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Niles East Grad Tells an Unlikely Story

A semi-autobiographical account of how a struggling street entertainer from became an unlikely player in bringing the NBA's Nets to Brooklyn, NY. The story is written by Skokie native Stephen Witt.

The Street Singer – a semi-autobiographical account of how a struggling street entertainer became an unlikely player in bringing the Brooklyn Nets to the Barclay’s Arena – was written by Skokie native Stephen Witt. Witt attended Lincoln Jr. High and later Niles East High School.

The Street Singer follows subway musician Jason Spirit as he stumbles into contact with Thaddeus Hoover, a high-powered developer with a plan to build a huge arena in Brooklyn and also bring in the first major professional sports team since the Brooklyn Dodgers.

Spirit ends up pitting the key players and opponents against each other as he plots to get a song he’s written to a famous rapper who’s heavily involved in the development of the project.

Sound kind of familiar?

The story’s re-telling is a satire that takes the reader on an intimate, nail-biting and comical journey.

Witt, a Skokie native and by extension, he says, a huge sports fan, got the idea for the book after Russian billionaire Mikhail D. Prokhorov announced he was buying the Brooklyn Nets.

“I thought that was such an irony: We’re in New York City, which is supposedly the center of American capitalism,” said Witt at the reading. “But in New York City, if you dig a hole in the ground, you have to get the community involvement-- It’s like, how many people does it take to build in NY? It takes the whole community.

“And when it came down to it, Ratner (Barclay’s developer) ran out of money, and the project would have never happened unless a Russian oligarch, a billionaire with ties to the Kremlin, came in an invested in it.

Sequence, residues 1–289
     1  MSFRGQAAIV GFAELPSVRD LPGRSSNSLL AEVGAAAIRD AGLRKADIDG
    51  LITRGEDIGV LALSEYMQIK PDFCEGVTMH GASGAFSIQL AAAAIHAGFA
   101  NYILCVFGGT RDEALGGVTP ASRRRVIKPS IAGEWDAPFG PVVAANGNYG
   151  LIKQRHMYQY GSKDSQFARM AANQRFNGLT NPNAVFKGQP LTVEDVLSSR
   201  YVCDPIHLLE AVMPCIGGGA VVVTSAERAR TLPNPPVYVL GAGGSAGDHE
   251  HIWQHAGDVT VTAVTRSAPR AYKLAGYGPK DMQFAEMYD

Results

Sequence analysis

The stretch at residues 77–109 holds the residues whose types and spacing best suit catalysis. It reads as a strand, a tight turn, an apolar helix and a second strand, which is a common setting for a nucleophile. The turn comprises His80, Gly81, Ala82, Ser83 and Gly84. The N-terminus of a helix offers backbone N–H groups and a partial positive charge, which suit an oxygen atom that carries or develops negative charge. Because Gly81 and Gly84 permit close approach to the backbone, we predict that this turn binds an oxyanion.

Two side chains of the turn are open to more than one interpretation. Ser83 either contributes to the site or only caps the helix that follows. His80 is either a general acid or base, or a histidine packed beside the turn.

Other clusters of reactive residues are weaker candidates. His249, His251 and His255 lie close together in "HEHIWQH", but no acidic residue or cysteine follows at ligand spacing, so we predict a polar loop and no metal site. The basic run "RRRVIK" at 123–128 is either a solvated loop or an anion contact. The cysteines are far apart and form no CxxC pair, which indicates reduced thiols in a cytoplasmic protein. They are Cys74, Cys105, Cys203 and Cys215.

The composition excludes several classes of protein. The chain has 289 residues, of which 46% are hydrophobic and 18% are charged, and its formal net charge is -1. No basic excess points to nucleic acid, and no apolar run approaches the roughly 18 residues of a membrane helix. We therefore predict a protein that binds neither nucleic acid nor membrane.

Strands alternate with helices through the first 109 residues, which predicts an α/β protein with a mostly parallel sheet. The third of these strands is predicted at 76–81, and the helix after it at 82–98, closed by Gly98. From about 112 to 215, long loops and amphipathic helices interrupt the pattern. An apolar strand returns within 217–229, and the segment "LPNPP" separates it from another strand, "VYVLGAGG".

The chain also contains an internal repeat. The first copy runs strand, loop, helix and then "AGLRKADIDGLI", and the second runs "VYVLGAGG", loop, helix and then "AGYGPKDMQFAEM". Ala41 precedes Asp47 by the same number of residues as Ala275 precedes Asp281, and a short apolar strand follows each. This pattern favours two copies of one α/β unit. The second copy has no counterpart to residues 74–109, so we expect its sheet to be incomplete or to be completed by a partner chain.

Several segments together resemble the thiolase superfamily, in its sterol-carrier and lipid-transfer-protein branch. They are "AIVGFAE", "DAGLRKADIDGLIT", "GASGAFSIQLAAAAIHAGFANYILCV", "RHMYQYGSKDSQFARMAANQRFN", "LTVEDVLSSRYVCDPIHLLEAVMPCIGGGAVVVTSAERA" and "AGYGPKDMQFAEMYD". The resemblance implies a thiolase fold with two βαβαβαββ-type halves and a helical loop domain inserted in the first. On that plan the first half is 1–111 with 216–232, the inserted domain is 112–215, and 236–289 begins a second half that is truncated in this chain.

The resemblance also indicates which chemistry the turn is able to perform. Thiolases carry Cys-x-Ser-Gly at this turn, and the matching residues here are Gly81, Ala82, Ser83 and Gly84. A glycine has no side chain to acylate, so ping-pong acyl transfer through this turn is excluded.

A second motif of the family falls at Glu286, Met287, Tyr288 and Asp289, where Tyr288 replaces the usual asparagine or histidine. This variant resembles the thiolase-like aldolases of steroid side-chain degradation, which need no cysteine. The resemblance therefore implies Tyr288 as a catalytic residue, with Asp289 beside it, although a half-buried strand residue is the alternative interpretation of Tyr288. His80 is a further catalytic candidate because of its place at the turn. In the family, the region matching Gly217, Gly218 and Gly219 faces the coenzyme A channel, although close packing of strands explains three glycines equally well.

“When he bought the team is when I got the idea to write the book.”

Witt has a somewhat smug and familiar take on the players and the playbook for the entire Barclays Arena project. Why? One, because he covered much of the project's development as a journalist. And two, because, according to him, he was largely responsible for getting the Nets to Brooklyn.

“Brooklyn Borough President Marty Markowitz will collaborate it,” said Witt of his story.

“When Marty first got elected, I was assigned to cover his very first state of the borough address,” he said. “One of the first things he said was he wanted to bring an NBA team here. And when he said it, everybody laughed, and all the reporters used it as the lead.

“But when I came back to the office, I took it on my own to call the NBA office. I looked at the Nets, because I saw they could not sell out except during the finals. I called the owner 5 or 6 times and only got through to the secretary. So then I called Marty and told him to call this guy.”

And well, the rest is history.

The Street Singer, a tale of money, sex and power during a changing Brooklyn, is re-told with light-hearted humor and subjective precision, through the eyes of an unsung subway musician and via the pen of an award-winning journalist.

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Oliver P. McCracken November 29, 2012 at 05:45 AM
This sounds like a labyrinthine tale of both Gotham's murky depths and its opulent cusps. I shall have my manservant request it from the local athenaeum at his earliest inconvenience! Though the above synopsis DOES remind me of the time when I manipulated Emperor Franz Joseph and the crooner Rudy Vallee into bandying each other for the affectations of Lillian Gish, all for the purpose of hornswoggling Vallee's choice seating arrangements at a base-baller's match at which the great Rube Waddell was to hurl the horsehide.
stephen witt November 29, 2012 at 10:31 PM
To Oliver. You are quite the literary detective. I can't believe you figured out the street singer's relationship to Rudy Vallee!

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